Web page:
Archdiocese adds Polish ministers to extend outreach to immigrants
BY ERIN GALLAGHER Correspondent May 12, 2014 7:38PM
The Archdiocese of Chicago commissioned 28 new lay ministers into the Polish Immigrant-to-Immigrant Minstry on Sunday at SS. Cyril and Methodius Church in Lemont. | Erin Gallagher~For Sun-Times Media
Updated: June 14, 2014 6:17AM
To help Polish immigrants, the Archdiocese of Chicago on Sunday commissioned 28 new lay ministers in a special Mass at SS. Cyril and Methodius Parish in Lemont.
The lay ministers will expand the church’s Polish Immigrant-to-Immigrant Ministry. The goal is to help people stay connected to the Catholic Church and their Polish roots while adjusting to life in American culture, according to Mark Wolski, ministry liaison for the archdiocese.
“We have a stronger voice when we are organized,” Wolski said.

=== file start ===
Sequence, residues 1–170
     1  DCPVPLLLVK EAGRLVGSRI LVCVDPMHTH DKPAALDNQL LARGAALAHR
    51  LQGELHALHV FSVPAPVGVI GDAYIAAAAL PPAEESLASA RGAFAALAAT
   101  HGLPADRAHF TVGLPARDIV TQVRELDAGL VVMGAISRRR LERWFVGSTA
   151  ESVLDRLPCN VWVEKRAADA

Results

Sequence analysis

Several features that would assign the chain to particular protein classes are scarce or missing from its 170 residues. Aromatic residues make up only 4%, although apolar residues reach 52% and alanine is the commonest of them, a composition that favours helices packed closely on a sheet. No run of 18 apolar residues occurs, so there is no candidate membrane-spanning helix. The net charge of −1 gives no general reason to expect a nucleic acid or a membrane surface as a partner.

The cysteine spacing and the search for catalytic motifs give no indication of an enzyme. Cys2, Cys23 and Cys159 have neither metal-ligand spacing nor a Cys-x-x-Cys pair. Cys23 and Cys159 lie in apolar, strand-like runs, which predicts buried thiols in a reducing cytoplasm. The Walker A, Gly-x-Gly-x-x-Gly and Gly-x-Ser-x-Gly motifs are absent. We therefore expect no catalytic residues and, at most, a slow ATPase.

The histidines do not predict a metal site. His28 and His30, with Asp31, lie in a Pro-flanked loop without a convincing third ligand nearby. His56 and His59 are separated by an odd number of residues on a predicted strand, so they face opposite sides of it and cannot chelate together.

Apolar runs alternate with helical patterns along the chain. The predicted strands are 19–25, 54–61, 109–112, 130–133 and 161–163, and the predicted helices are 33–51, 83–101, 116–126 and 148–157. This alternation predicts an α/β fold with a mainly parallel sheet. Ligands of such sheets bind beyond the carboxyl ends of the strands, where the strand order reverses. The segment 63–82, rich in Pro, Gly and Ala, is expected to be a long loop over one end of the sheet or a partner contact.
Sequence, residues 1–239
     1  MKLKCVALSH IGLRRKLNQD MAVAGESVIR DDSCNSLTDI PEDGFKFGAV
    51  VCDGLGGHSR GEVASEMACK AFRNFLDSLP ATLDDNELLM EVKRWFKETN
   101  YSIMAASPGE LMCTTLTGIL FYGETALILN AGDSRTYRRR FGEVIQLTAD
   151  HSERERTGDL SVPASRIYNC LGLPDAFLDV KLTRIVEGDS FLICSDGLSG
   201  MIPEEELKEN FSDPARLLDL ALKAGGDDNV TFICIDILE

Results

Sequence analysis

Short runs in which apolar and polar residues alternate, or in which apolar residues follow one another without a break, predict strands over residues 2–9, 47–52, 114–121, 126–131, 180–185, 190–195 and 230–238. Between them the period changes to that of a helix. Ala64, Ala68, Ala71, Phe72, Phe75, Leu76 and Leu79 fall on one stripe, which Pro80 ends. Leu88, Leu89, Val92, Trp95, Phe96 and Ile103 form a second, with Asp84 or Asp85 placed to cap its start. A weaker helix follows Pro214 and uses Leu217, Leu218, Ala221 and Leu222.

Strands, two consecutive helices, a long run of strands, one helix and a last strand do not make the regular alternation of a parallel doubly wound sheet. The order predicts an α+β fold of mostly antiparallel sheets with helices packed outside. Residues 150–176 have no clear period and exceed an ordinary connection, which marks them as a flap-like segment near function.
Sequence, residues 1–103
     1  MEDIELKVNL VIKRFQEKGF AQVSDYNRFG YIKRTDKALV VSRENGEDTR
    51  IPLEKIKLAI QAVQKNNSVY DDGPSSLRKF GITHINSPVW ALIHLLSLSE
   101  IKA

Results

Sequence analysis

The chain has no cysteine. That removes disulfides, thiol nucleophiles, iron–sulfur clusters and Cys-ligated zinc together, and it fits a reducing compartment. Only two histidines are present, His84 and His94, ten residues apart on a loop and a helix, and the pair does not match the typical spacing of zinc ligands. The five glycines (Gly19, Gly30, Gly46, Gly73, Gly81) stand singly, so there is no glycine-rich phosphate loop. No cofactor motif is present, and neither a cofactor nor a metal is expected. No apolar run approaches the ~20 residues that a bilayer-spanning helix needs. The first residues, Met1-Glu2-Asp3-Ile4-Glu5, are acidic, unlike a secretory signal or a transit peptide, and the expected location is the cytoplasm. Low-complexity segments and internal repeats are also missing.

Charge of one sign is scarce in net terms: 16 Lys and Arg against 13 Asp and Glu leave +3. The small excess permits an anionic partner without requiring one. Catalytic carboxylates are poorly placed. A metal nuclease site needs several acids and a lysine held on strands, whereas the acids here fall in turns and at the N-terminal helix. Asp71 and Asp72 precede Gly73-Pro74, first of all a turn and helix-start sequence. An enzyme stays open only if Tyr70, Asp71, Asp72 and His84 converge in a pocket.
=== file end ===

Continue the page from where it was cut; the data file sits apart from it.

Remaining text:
The Polish Immigrant-to-Immigrant Ministry began in 2011, and mirrors the Hispanic Immigrant-to-Immigrant Ministry, which started in 2008.
Wolski, an immigrant from Poland, said that serving the needs of the Polish is different than serving other immigrant communities, such as Latinos. The Polish are more individualistic, whereas the Latinos tend to be more communal, he said. These subtle differences make outreach to these groups of people different as well. The Polish lay ministers need to spend more time earning the trust of their community.
“It is a lot of effort, and it brings some fruit and some efforts in time,” said Wolski, who started learning English at 34.
U.S. immigration assistance is a large component of the services the ministry offers but it’s not everything. Spiritual formation, English language lessons and health insurance navigation also are among the services the ministry provides.
There are currently 12 Polish parishes with more than 50 active leaders, according to a press release from the archdiocese. However, there are about 30 parishes that are predominantly Polish, Wolski said.
The special Mass was celebrated by the Most Rev. Andrew Wypych, auxiliary bishop of Chicago. The Rev. Stanislaw Kuca, pastor emeritus of St. Elizabeth Seton Parish in Orland Hills, gave the homily.